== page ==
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Human Brain Proteome Project




The Human Brain Proteome Project (HBPP) is an initiative from and for neuroproteomics researchers working in the fields of neuroscience, neurology, psychiatry, neurosurgery, and brain oncology. HBPP promotes large-scale and targeted state-of-the-art proteome studies on human brain, brain-related body fluids such as CSF, pre-clinical models, and follow up projects to decipher the role of proteins in brain development, health and disease.

Current lines of work:

  • Methodological approaches:
  • Brain tissue based neuroproteomic profiling
  • Cerebrospinal fluid (CSF) neuroproteomic profiling
  • Peripheral blood neuroproteomic profiling
  • Autoimmune profiling of CNS disorders

Clinical areas:

  • Neurodegenerative disorders (e.g. the dementias, movement disorders)
  • Psychiatric disorders (e.g. schizophrenia, bipolar disorder, depressive disorder)
  • CNS cancers
  • Traumatic brain injury

Initiative approach:

  • Connect neuroproteomic scientists and provide opportunities for new collaborations
  • Identify molecular mechanisms and biomarkers involved in neurodegeneration and psychiatry.
  • Understand the environment around the healthy human brain.
  • Develop new strategies and methodological approaches for neuroproteomics
  • Promote quality benchmarks for neuroproteomic research

    HBPP Steering Committee

    • Charlotte Teunissen (Chair) VU University Medical Center Amsterdam
    • Katrin Marcus (Co-Chair) Ruhr University, Bochum
    • Daniel Martins-de-Souza, University of Campinas, São Paulo 
    • Helmut E. Meyer, ISAS – Leibnitz-Institut für Analytische Wissenschaften, Dortmund 
    • Peter Nilsson, KTH – Royal Institute of Technology, Stockholm 
    • Oliver Schubert, University of Adelaide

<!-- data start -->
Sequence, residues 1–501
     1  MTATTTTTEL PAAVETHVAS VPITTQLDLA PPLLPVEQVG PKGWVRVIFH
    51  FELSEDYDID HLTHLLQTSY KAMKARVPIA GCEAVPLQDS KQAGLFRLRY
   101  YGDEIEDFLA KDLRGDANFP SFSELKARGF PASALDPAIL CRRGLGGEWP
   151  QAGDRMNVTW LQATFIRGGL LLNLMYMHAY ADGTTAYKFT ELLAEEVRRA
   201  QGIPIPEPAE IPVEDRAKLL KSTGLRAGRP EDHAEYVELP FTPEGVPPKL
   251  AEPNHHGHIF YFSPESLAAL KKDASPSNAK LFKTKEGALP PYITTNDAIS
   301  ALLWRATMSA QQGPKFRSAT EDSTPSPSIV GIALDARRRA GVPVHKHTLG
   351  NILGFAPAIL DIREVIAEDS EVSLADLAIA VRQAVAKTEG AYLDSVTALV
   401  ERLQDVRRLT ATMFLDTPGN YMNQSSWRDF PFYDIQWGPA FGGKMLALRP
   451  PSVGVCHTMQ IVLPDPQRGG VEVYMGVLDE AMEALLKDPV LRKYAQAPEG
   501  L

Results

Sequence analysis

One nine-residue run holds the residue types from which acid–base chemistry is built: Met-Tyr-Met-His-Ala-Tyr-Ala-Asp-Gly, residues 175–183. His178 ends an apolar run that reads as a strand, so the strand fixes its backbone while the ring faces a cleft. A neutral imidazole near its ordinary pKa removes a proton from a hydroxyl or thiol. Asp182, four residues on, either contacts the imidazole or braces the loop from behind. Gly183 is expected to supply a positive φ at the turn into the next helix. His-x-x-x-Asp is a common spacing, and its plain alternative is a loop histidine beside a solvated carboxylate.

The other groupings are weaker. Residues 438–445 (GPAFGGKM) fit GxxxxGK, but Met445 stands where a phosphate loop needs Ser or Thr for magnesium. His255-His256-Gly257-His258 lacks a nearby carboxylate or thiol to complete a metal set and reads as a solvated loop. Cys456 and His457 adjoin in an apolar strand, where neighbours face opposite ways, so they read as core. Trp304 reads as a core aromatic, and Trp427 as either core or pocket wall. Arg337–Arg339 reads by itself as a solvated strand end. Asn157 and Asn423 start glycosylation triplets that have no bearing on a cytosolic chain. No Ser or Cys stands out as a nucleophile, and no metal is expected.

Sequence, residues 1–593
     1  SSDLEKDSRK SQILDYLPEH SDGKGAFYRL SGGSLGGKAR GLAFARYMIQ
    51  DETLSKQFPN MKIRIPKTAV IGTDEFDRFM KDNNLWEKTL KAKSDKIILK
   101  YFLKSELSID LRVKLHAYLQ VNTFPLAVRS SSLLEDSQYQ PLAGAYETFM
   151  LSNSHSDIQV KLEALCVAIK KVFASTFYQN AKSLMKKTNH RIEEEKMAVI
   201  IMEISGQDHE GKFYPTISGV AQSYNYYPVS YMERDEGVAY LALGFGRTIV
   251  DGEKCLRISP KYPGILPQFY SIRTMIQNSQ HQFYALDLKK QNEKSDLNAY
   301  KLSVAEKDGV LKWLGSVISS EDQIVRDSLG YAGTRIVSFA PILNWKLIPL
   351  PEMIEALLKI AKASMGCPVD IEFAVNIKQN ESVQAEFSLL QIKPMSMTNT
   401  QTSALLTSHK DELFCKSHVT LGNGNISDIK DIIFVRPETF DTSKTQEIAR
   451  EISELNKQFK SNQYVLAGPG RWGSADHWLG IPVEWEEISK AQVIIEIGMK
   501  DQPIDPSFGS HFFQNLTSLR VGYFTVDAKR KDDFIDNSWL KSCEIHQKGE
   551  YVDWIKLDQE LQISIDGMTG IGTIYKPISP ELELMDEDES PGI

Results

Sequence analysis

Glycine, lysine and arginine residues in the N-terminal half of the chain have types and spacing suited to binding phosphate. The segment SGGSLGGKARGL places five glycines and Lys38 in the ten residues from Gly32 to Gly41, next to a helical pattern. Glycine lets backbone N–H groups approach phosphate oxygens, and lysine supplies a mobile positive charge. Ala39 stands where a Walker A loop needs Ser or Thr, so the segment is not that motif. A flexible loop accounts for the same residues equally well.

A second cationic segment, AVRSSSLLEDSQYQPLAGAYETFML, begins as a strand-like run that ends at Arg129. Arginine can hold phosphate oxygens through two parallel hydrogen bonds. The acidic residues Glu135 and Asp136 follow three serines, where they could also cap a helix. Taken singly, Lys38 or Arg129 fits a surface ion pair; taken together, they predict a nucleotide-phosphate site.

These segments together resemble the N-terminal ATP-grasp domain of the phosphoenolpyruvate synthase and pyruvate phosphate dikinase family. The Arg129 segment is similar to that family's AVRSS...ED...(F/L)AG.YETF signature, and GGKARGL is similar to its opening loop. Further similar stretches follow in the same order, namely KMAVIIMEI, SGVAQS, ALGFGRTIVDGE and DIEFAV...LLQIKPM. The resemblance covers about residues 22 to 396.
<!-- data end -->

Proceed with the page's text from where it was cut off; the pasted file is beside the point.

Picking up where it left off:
Award For Prof. Daniel Martins-De-Souza

    Serrapilheira Institute is the first private nonprofit institution created to promote science and increase its visibility and impact in Brazil.

    Their first call was directed to identify and support the best young researchers in Brazil. According to its President, Dr. Hugo Aguilaniu, they looked for those who are posing the big questions in their fields.

    There were almost 2000 submitted projects, from which they selected 65. These will receive R$ 100,000.00 (near US$ 31,000.00) for one year. The Institute will selected 10 to 12 out of the 65 to receive R$

    1 million (near US$ 310,000.00) for additional three years.

    Daniel Martins-de-Souza, member of the HBPP steering committee, is one of the 65 awardees. His project uses neuroproteomics to understand the molecular basis of schizophrenia and to identify protein biomarkers in patients´ blood which could predict antipsychotic response.

    The Lab of Neuroproteomics (University of Campinas, Brazil) is a multidisciplinary group that bases their investigation on psychiatric disorders in proteomics. To explain their work to the general public, they created the following video. Lab of Neuroproteomics, UNICAMP, Brazil video

    Upcoming B/D-HPP Workshop

    29th Human Brain Poteome Project Workshop
    May 27-28, 2019
    Amersterdam, The Netherlands 

    Past Workshops

    26th HUPO Human Brain Proteome Project Workshop
    During the HUPO 2016 congress in Taipei, Taiwan

    25th HUPO Human Brain Proteome Project Workshop
    May 3-4, 2016 in Stockholm, Sweden
    A summary of the HBPP workshop can be seen here.

    27th HUPO Human Brain Proteome Project Workshop
    May 9-10, 2017 in Bochum, Germany

    28th The Human Brain Proteome Project (HBPP) Workshop
    May 8-9, 2018 in Adelaide, Australia. 

    The South Australian Health and Medical Research Institute (SAHMRI) 

    For more information or participation opportunities please contact office(at)hupo.org.

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